peitseoga said...

I share your exitement!! I dream of finding things like that, but around here it was all feather and down comforters, no quilts. I get so excited too, about any piece of textiles, or even written notes, knowing my granny or even somebody before her made something with their own hands... i feel it connects me to them...

charlotte said...

oh my ! that must have been one of the best days of your life. How exciting!!!!

A Little Diddy said...

What a find! I agree w/ consulting a quilt shop. In my experiene I was told to try boiling water first. Simply boil some water in a teapot and holding the area taut over a basin or bowl let the boiling water run through the material. It worked fairly well but left behind a faint stain. After, it was suggested to make a solution of arrowroot/cream tartar and water and let the area soak, then rinse with cold water. the stain faded more. But still has a very slight yellowish tint. Ive been told by friends that they wouldnt noticed unless I pointed it out. Hope this helps.

Sandy said...

I have used Oxiclean on vintage linens and my 63 year old hand sewn baby dresses with great success. Sometimes it takes a few soaks in hot water with the Oxiclean. Some suggest adding a little Dawn dish soap to the mixture. Good Luck! PS - visit Cindy's blog My Romantic Home - where she gives instructions on how she cleans her vintage linens.

Teacup Lane (Sandy)

Meredith said...

I will keep this short. There are many options and reasons to use different products because the older quilts are in difference states, smelly, ripped,hole, etc. Let alone if the quilt top is a true scrap quilt than you could be looking at small pieces of silk in what looks like an all cotton quilt top, or a handwoven fabric mixed in.

From soaking a quilt in a clean tub with warm water to hanging them out to dry over a period of time with a clean sheet over the quilt to protect it from sunlight, also do not hang them out to dry or air in a way that puts stress on the fabric, like hanging a quilt with clothespins from one side.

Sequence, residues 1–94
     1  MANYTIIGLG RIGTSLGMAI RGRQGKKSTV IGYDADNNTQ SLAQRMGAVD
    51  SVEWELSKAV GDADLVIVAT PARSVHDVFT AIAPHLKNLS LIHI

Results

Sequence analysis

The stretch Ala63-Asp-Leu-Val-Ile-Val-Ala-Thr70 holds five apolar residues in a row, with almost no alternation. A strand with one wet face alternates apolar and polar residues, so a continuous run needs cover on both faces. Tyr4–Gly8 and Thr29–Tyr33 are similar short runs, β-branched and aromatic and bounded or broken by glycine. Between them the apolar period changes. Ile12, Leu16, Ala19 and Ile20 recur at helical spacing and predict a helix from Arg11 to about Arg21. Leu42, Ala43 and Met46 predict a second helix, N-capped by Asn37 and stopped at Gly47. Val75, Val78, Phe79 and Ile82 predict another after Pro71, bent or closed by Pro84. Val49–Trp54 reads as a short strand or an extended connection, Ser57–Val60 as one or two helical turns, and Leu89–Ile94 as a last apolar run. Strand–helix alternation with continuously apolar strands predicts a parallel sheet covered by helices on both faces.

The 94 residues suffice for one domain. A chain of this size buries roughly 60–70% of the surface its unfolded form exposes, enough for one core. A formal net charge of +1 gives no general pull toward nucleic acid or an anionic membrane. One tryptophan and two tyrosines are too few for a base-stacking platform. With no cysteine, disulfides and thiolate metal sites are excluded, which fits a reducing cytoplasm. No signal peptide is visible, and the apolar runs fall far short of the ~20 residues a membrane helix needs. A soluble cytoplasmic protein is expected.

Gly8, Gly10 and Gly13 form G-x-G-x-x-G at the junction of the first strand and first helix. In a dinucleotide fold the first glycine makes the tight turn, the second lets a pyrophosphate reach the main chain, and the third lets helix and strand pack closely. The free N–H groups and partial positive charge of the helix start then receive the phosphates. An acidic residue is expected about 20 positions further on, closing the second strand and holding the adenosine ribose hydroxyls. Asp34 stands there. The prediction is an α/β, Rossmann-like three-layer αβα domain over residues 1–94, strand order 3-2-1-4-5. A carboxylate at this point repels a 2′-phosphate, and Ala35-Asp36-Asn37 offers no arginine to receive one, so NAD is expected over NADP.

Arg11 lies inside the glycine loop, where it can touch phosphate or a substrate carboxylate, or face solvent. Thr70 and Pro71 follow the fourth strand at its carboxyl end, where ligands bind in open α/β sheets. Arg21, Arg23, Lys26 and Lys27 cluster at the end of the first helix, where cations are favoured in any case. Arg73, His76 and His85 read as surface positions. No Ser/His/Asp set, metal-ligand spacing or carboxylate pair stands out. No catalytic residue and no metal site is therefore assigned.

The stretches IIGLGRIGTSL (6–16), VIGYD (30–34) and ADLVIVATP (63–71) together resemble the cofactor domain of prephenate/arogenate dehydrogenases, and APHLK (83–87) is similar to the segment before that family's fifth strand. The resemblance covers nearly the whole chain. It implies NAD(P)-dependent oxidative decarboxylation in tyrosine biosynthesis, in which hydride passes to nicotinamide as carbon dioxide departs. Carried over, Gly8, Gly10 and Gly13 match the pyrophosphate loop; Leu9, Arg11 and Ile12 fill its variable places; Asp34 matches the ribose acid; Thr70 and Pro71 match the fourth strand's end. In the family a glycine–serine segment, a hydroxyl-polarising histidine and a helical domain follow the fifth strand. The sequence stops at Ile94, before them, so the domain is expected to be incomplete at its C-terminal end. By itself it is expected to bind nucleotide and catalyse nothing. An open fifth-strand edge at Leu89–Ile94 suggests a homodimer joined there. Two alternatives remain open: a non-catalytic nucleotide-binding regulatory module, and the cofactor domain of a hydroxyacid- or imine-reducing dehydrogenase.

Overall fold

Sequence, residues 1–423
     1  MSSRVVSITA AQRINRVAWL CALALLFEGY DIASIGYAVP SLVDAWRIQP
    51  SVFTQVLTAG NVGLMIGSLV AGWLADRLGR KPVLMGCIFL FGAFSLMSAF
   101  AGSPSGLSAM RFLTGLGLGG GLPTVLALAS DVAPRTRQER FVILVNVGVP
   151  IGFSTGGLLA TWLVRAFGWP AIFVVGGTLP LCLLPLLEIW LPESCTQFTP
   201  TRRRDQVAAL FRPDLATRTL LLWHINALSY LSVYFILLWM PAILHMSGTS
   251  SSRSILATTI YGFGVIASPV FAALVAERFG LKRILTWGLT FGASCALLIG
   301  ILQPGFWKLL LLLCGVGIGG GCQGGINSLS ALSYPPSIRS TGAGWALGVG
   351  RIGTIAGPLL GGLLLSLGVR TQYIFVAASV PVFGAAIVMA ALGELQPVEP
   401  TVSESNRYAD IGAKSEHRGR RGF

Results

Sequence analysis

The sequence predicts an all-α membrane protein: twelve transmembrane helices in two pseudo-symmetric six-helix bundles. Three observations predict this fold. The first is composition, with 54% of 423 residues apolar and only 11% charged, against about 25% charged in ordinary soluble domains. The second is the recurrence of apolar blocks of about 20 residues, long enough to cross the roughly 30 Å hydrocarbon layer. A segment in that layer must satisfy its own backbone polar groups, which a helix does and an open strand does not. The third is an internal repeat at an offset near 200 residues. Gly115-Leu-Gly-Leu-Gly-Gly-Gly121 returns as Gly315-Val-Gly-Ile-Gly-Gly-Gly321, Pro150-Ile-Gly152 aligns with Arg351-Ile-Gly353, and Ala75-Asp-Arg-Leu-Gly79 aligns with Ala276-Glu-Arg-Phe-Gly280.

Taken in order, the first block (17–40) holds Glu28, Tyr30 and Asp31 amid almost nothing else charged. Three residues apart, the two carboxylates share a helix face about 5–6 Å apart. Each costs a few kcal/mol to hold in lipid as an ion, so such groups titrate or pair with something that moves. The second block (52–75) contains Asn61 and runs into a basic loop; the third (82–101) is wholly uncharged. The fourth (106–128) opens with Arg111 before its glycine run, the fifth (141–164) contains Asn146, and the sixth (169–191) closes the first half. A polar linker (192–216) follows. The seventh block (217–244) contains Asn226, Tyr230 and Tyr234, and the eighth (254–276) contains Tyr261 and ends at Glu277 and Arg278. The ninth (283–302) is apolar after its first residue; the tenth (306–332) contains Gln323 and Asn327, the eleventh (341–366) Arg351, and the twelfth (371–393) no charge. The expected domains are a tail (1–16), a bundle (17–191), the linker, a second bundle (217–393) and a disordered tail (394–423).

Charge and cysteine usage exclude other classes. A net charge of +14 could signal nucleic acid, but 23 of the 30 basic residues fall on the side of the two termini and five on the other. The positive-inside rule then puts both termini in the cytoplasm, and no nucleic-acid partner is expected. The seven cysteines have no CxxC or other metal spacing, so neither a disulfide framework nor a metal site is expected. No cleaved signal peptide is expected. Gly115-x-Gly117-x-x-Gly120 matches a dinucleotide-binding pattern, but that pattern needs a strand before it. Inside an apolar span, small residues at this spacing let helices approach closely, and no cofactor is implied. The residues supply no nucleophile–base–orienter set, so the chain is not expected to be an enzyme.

I used/use with success the following Le Blanc Linen Wash Classic Scent, Restoration Hypoallergenic Powder, Orvus Quilt Soap. It really depends on the age of the quilt the fabrics (how were they dyed?). Example-How much old red fabric is in a quilt? The fabric strength, and weave, a loose woven old fabric may require a different things.

Please do not use Oxi clean it is way too harsh There are many other ways to deal with smells and stains.

Repair or restoration is an older quilt is another topic that is involved. If you choose to make an attempt to restore a quilt say a hole, you can find fabric from the correct time period of the quilt to use. Enough fabric for bindings may or may not be harder to find to be from the correct time period. Also putting on new to the quilt binding another thought is to put it over the original quilt binding.

I would not use a front loading washing machine for washing a quilt. Soaking old quilts is very different than washing.

Good luck.

Vivian said...

Wow! I'm looking at this five years after you originally posted this and it is no less enthralling! How lucky you were to have the quilt gods "make it rain" on you this way.

Did you know your great-grandmother personally? After you found the quilts, did family members provide any stories about these particular quilts or you GGM's quilting habits specifically? Have you considered submitting (or did you submit) pictures of the quilts to be indexed in The North Carolina Quilt Project" history files?

Finally, any updates on what you ultimately did with the quilts?